On Tuesday, Tesla suffered a loss of about $80 billion after the quarterly review was done. This is the biggest loss the company has suffered since it went public in 2010.
Tesla’s shares lost 21% of their value after Standard & Poor’s (S&P) declined to add it to its index of 500 major US stocks.
According to financial experts, Tesla being added to the index would have required portfolio managers who mirror the index to buy additional shares.
Part of the rise in Tesla shares in recent months was on anticipation that the addition to S&P 500 index would happen. The addition would have triggered massive demand for its shares from index funds that track S&P’s benchmark.
Not seeing Tesla on the list of S&P 500, was a big disappointment to investors, prompting the sell-off.
The American electric vehicle and battery company recently split its shares 5-1 after seeing their value shoot past the $2,000 a share mark.
According to a report by Market Watch, the electric vehicle and battery maker’s stock plunged 21.1% to close at $331.21 on Tuesday.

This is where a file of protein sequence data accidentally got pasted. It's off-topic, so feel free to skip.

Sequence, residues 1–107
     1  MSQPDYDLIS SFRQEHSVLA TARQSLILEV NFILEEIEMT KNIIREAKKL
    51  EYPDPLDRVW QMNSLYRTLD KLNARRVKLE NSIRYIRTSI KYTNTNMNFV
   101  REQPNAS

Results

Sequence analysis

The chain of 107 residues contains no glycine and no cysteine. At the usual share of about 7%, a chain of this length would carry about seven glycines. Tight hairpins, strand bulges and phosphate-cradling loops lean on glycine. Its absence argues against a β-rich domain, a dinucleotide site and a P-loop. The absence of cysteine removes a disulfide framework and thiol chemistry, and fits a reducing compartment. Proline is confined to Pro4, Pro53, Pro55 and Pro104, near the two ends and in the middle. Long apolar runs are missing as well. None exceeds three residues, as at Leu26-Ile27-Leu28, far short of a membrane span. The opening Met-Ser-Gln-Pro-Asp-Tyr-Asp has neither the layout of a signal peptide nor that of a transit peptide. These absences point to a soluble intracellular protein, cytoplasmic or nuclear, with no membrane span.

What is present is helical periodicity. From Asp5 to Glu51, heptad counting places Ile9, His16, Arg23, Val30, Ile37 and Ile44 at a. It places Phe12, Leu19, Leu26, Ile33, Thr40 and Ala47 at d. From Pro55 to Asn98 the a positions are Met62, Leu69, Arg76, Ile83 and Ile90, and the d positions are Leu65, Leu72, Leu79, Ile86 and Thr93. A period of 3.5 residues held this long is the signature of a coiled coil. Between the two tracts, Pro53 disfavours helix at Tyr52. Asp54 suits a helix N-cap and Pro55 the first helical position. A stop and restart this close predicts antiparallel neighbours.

The previous record sell-off was the 19.3% drop on Jan. 13, 2012, while the biggest post-COVID-19 crisis decline was 18.6% on March 16.
Tesla went public on June 29, 2010, at a pre-split adjusted initial public offering price of $17.
While Tesla’s stock dropped, fellow electric vehicle maker Nikola Corp had its stock jump more than 40%, after General Motors said it was acquiring an 11% stake in the company.
Although, Tesla suffered a 21% decline, its shares have nearly quadrupled in value so far this year, rising 295%. The stock is down 34% since reaching a record high close on Aug. 31.
However, fortunately for Tesla, it announced early Tuesday that it completed the sale of $5 billion worth of its shares last week before Tuesday’s drop.